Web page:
Third, the child assessment lecture really scared me. Children are NOT like adults. You don’t communicate with them the same way, and you don’t care for them the same way. And, although assessment is pretty universal, the way you assess a child feels different than the way you would assess an adult. Our instructor really stressed the importance of a VERY thorough assessment for children – not a focused assessment – because they could be fine one minute and in complete pulmonary arrest the next. That lecture scared me because as out instructor was teaching us how to assess a child, all I kept thinking was that I was going to forget something important and the child would end up in danger because I didn’t check their pulses or something like that! (I don’t think I’ll forget to check pulses, but you get what I’m saying.)

So that was Monday…and on Tuesday we had our first adult 2 lecture and mental health lecture. Adult began with a subject I love: the heart. However, we were given so much information in that lecture that I felt like we’d been given two weeks of information in only 3 hours. I’m wondering how I’m going to study for all that information and remember it all! And this information was just so different from previous material in Adult 1; it was more INTENSE and dealt with high-acuity diseases of the heart rather than the normal CHF, such as endocarditis, cardiomyopathy, pericarditis, cardiac tamponade, heart transplants, valve stenosis & regurgitation, valve replacements, and aortic aneurysms & dissections (yes, ALL of that in only 3 hours!).

I wasn’t sure what to expect in our mental health lecture but I’d like to say that I was pleasantly surprised. I’ve been dreading mental health since the first day of J1, however after just the one lecture on Tuesday and the follow-up lecture on Friday, I’m already convinced of how IMPORTANT it is for nursing students to take a mental health course and for nurses to understand mental health in EVERY aspect of nursing practice. And here’s why: no matter what kind of nurse you are, you will always need the skills of being able to communicate therapeutically with your patients and their family members.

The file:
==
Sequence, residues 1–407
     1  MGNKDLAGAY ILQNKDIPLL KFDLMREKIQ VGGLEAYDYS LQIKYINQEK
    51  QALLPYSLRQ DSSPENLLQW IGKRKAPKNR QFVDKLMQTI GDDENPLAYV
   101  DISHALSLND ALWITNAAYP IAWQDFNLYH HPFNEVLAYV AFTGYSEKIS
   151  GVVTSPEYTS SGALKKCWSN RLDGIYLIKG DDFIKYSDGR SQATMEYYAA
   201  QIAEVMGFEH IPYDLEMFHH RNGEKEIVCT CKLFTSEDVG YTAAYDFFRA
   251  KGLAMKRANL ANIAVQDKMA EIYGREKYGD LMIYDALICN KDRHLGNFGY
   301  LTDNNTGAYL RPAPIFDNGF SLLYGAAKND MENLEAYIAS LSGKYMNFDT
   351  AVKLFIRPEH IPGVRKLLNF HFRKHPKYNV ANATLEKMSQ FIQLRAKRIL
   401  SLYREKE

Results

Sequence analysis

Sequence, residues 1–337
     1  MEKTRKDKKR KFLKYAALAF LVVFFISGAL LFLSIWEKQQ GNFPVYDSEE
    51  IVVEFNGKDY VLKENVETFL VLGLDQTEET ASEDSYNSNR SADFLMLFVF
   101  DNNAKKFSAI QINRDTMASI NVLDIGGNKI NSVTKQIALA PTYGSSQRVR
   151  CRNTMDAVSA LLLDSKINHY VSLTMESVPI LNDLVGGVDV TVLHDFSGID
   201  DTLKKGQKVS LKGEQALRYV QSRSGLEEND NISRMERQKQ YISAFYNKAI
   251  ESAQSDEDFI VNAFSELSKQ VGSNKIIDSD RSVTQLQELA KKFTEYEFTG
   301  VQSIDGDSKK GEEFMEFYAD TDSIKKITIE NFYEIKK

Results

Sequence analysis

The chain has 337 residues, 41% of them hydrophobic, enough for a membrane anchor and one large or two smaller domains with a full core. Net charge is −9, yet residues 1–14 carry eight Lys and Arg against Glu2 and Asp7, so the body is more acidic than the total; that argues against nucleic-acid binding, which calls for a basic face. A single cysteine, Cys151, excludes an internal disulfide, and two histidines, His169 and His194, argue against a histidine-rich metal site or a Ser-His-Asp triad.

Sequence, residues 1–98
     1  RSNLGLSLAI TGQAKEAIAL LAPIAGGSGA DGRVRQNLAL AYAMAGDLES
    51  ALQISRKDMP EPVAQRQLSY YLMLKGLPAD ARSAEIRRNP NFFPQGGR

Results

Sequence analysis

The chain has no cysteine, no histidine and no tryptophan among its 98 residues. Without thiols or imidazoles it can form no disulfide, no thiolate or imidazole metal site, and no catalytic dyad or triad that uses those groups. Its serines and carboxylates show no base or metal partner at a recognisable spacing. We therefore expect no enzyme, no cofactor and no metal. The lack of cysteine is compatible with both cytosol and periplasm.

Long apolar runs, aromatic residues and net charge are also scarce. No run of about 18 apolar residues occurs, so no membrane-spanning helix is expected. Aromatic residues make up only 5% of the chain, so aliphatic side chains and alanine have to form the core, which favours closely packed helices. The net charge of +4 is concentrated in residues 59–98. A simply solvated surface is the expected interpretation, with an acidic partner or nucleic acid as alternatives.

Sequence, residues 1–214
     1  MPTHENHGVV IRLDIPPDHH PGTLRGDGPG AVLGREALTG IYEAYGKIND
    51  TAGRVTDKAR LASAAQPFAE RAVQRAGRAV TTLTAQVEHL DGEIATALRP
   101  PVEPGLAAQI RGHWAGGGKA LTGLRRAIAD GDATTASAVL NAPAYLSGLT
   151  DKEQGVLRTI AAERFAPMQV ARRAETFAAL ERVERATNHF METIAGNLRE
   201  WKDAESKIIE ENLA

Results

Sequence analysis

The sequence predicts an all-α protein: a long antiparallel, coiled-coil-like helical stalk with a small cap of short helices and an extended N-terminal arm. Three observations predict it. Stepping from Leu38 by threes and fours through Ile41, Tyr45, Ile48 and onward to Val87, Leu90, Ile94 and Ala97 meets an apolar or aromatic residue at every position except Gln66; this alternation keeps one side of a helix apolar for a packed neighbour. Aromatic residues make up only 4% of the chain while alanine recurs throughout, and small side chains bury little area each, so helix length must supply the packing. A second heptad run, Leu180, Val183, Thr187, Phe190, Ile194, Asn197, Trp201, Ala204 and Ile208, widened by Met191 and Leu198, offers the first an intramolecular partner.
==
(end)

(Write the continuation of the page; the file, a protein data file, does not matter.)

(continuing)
Our lecture on Tuesday was a basic introductory lecture: why mental health is important, the different theories of psychology and why we study them, and an introduction to managed mental health care. On Friday (our mental health orientation, as it was called), we watched a video on mental health nurses – what they do and why it’s so important to them. That video made me cry for sure. Then we discussed the “therapeutic nurse-patient relationship”, the differences between sympathy and empathy, and how to recognize anxiety in ourselves and what to do about it.

So my first impressions from the lecture portions of this week: I think child health will be important but not really interesting for me (we’ll see how that changes once we start clinical). Adult health will be AWESOME but possibly quite overwhelming. And mental health will be something that I’ll look forward to every week (how unexpected!).

And why the breakdowns this week? I’m still not even quite sure. I think I’m just super stressed right now and every little thing makes me want to cry. There is a point at which, as a nursing student, you may be trying to do to much, and I think I might be there. But then again maybe I’m just trying to adjust to the different intensity of this semester and I’ll be fine once I get my feet on solid ground and can run with the rest of them.

We’ll see…



Happy New Year!!!

I’m SO EXCITED for this year!! Because this year, God willing (and fingers crossed!) I will GRADUATE from nursing school!!!

By this time next year, I will be Amber, BSN!

Happy New Year from us to you!

Happy New Year from us to you!